In certain embodiments, the suture anchor 100 comprises one or more piercing structures or needles 107 that extend proximally from the proximal face 102 of the anchor. In one embodiment, the one or more piercing structures 107 is tapered to a form a piercing tip 109 at the leading proximal end of the piercing structure 107, similar to the form of a needle. The piercing tip 109 is used to pierce the targeted soft tissue. The piercing structure 107 may be of any length extending from the proximal face 102 of the anchor body 101. For example, the length of the piercing structure 107 extending from the proximal face of the body is any suitable length that transverses the entirety of the thickness of the soft tissue being secured to bone. In one embodiment, the length of the piercing structure 107 extending from the proximal face of the body is about 1 mm to about 50 mm. In certain embodiments, the piercing structure 107 has a first region having a constant diameter and a second region, located at or near piercing tip 109, which has a tapered diameter. In certain embodiments, the surface along the length of piercing structure 107 may be smooth, or it may include one or more structures, such as ridges, recesses, or combinations thereof, as desired. The piercing structure may be manufactured of the same types of materials identified above for the anchor body. Preferably, the piercing structure is composed of titanium or stainless steel.

In one embodiment, at least a portion of the distal end of the piercing structure 107 is embedded within the anchor body 101. For example, as seen in FIGS. 4A and 4B, the proximal face 102 of anchor body 101 includes an opening 110 to a cavity 114 extending from the proximal face 102 into at least a portion of the body 101, where the distal end of the piercing structure 107 is configured to fit into the cavity 114. In one embodiment, the cavity 114 has a step or gradual change in diameter which secures piercing structure 107 within cavity 114 at a desired depth within cavity 114. In one embodiment, the at least one piercing structure 107 is removable, such that the piercing structure 107 can be pulled out or otherwise released from cavity 114. In such embodiments, piercing structure 107 and cavity 114 may include any sort of temporary securing system known in the art, such as a detent or friction fit mechanism, to permit piercing structure 107 to be secured within the cavity 114 while the anchor body 101 is secured to bone and while the soft tissue is punctured, and then subsequently released from the cavity 114 with the application of a light, pulling force.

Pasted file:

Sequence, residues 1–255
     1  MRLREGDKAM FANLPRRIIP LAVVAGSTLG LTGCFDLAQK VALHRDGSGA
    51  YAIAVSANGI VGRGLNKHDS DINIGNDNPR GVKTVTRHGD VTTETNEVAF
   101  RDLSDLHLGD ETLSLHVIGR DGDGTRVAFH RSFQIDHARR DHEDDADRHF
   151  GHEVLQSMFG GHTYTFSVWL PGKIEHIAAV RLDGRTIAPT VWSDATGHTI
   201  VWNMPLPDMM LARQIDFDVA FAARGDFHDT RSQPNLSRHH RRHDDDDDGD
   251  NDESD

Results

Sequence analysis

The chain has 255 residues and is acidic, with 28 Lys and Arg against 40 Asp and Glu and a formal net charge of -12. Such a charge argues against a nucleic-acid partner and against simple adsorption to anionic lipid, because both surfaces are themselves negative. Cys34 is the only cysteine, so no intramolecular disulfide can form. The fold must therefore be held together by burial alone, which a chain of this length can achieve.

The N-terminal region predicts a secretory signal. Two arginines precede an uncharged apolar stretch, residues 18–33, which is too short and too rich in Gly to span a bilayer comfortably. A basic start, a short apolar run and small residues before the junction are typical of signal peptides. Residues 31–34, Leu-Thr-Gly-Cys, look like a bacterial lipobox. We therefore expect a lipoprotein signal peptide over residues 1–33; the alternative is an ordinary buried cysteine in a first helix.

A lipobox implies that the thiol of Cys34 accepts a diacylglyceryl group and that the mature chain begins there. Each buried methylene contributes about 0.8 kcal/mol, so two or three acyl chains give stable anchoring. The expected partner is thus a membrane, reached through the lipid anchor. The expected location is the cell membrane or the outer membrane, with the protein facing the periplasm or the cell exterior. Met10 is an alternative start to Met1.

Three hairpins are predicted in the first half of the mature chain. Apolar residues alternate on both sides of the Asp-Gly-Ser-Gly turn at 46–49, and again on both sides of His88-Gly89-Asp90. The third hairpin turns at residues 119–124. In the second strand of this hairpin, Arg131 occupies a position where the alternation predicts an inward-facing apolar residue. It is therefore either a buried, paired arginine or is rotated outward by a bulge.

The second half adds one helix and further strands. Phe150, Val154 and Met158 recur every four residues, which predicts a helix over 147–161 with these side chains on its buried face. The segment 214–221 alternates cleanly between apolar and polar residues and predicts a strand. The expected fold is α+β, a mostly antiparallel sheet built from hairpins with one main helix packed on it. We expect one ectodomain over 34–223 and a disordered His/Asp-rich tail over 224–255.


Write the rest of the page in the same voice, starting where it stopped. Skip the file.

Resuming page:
In one embodiment, piercing structure 107 is permanently affixed to body 101 of the suture anchor 100. For example, in one embodiment, the suture anchor 100 is a unitary piece which comprises the features of the anchor body 101 and the piercing structure 107, such that the piercing structure 107 is integrated with the body 101 of the anchor 100.

The piercing structures 107 may have any cross-sectional geometry, including, circular, or polygon shaped. In one embodiment, piercing structure 107 and the cavity 114 have a mating geometry such that piercing structure 107 cannot rotate freely within cavity 114. In certain embodiments, piercing structure 107 is designed to mate with an installation tool to aid in the securing of anchor 100 into bone. For example, in one embodiment, piercing structure 107 has a size and shape which engages an installation tool. In one embodiment, piercing structure 107 comprises a tool engaging element which engages an installation tool. This allows for the installation to act upon the piercing structure in order to drive anchor 100 into bone. That is, the installation tool engages piercing structure 107 and applies force or torque to piercing structure 107 in order to drive anchor 100 into bone.